In this much more advanced example, all glomeruli have been affected by a catastrophic disease that has caused fragmentation of GBM in some glomeruli, and also rupture of Bowman's capsules, which seems to reduce the chances of healing.

Causes of crescents

Here is a short list of conditions that cause crescentic nephritis. Any nephritic, GBM-breaking type of nephritis can cause it if it is behaving at its most aggressive, but these are the most common causes.

They can cause renal function to deteriorate over days to weeks.

Top of the list of causes is vasculitis, inflammation of blood vessels.

Vasculitis classification diagram

Vasculitis is classified by the size of vessels it affects, so the types we're talking about that affect glomeruli are causes of small vessel vasculitis, towards the right of this diagram. Sometimes vasculitis occurs in other diseases, but most commonly glomeruli are affected by the primary types of small vessel vasculitis.

HSP pic again

Henoch Schonlein purpura, which we mentioned as a variant of IgA nephropathy earlier, is one of these.

This patient also had a vasculitic skin rash caused by exactly the same kind of process.

However the major group comprises the ANCA-associated types of vasculitis. The subtypes are not so important, as initial appearances and management are the same, but the most common are microscopic polyangiitis and Wegener's granulomatosis.

ANCA pic

ANCA are anti-neutrophil cytoplasm antibodies - as shown here, these bind to targets in the cytoplasm of normal neutrophils: in fact to the neutrophil granule enzymes myeloperoxidase and proteinase 3. They are very useful but not infallible guides to diagnosis in small vessel vasculitis.

Systemic vasculitis text

Systemic vasculitis can affect any organ with blood vessels in it - so that's any organ. It can occur in association with other diseases such as rheumatoid arthritis or systemic lupus erythematosus, but most that affect the kidney are primary. Most important of all, they are highly treatable.

Diagnosis of vasculitis text

They often present as a systemic illness that begins very non-specifically, may evolve to include arthralgia or arthritis, and weight loss is common.

I mentioned that ANCA can be very useful, but they aren't always positiv, and sometimes can be positive in other circumstances, particularly infection. Infection is an important differential diagnosis as conditions such as endocarditis may cause similar symptoms and signs and yet need very different treatments.

FNGN biopsy again

Biopsies of affected organs are very useful. In ANCA-associated vasculitis there is evidence of involvement of small blood vessels with little or no antibody deposition - so-called 'pauci-immune' glomerulonephritis. In Henoch Schonlein purpura you see IgA deposits in the mesangium.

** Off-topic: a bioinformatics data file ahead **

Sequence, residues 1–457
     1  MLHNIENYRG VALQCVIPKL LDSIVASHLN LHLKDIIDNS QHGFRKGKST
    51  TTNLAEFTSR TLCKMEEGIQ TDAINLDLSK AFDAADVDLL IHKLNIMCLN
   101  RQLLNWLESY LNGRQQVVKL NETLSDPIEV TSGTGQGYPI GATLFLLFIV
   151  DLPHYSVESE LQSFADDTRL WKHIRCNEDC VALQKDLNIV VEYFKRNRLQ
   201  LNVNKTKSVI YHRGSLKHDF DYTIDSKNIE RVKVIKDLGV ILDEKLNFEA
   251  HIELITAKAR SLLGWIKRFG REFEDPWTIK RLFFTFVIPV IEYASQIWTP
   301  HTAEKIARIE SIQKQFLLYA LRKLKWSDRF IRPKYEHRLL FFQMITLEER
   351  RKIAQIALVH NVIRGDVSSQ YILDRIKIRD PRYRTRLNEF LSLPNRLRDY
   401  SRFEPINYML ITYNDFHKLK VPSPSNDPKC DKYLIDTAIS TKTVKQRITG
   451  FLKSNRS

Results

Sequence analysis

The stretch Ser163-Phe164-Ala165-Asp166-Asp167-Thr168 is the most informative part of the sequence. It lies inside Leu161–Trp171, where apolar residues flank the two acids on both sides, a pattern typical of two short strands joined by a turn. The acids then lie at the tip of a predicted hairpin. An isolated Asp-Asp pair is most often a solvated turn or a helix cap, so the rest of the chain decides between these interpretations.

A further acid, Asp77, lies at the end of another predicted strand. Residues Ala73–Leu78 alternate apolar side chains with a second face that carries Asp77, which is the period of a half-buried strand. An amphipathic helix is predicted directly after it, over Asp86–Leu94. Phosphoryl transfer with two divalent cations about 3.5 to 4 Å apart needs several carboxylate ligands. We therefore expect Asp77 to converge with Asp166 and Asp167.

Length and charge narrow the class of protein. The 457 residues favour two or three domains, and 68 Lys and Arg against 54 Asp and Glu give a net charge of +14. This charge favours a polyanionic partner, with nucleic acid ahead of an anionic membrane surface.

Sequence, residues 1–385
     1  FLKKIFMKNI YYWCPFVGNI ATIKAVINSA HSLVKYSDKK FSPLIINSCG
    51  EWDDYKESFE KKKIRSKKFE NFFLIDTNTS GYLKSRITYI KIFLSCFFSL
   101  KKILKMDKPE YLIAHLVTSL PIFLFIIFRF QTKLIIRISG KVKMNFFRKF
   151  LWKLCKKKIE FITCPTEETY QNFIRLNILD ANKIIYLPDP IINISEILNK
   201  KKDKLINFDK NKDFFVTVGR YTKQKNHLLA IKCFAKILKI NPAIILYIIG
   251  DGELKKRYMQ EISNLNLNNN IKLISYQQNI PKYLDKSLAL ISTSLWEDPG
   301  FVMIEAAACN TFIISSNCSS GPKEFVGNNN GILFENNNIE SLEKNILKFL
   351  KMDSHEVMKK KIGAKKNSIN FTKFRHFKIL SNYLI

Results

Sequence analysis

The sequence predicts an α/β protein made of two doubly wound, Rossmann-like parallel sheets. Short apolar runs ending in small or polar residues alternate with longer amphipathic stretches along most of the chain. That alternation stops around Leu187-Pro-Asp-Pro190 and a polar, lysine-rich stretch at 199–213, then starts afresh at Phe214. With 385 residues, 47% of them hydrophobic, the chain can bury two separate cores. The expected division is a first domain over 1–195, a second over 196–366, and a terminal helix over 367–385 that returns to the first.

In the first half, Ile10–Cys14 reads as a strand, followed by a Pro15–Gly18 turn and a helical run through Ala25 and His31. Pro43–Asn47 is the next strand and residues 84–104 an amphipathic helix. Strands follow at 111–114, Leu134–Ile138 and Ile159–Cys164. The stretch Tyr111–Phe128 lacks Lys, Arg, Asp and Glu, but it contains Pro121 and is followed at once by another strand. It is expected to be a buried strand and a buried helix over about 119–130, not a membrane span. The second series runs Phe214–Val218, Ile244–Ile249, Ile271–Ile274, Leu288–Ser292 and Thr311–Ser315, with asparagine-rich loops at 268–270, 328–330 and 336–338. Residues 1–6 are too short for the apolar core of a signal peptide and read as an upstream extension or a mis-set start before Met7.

Therapy graph

This is why it's important to make the diagnosis: here is a patient who presented with rapidly deteriorating renal function caused by crescentic nephritis, and high titres of anti-myeloperoxidase antibodies, in other words of antineutrophil cytoplasm antibodies, ANCA. Immunosuppression with cyclophosphamide and prednisolone, and plasma exchange, salvaged renal function and probably also prevented the patient from dying from vasculits affecting other organs.

Renal disease may be grumbling but is often progressing rapidly before the diagnosis can be made. Involvement of glomeruli is often associated with similar involvement of alveoli, leading to the combination of alveolar haemorrhage with rapidly progressive renal failure.

SLE histology ... immunofluorescence

The last condition is this one. You can see a glomerulus with far too many cells, proliferative glomerulonephritis, and with some capillary loops that are grossly thickened by immune deposits, as shown at two o'clock.

Immunofluorescence shows deposition of multiple immunoglobulins.

Lupus nephritis text

This is lupus nephritis. Systemic lupus erythematosus, SLE, most commonly affects young women, causing predominantly arthritis and systemic illness, and multiple other possible autoimmune manifestations. Antibodies to double-stranded DNA are characteristic. Significant renal disease is regarded as a marker of more severe lupus, though minor urinary abnormalities are probably common. Hypertension is usual but other manifestations, and histological appearances, are very useful. You just saw an example of diffuse proliferative glomerulonephritis, which responds to fairly heavy immunosuppression with cyclophosphamide along with prednisolone. Cyclophosphamide is usually given in monthly pulses, to keep side effects down, for up to a year. Alternative agents are being developed. Lupus is generally a chronic disease and there is a high risk of recurrent disease which means that most patients need to remain on immunosuppressive treatment for years.

Page last modified 04.03.2012, 23:18 by Neil Turner. edrep and edren are produced by the Renal Unit at the Royal Infirmary of Edinburgh and Univ. Edinburgh. CAUTIONS and Contact us. Note that the information published here is primarily intended for education, not for clinical care.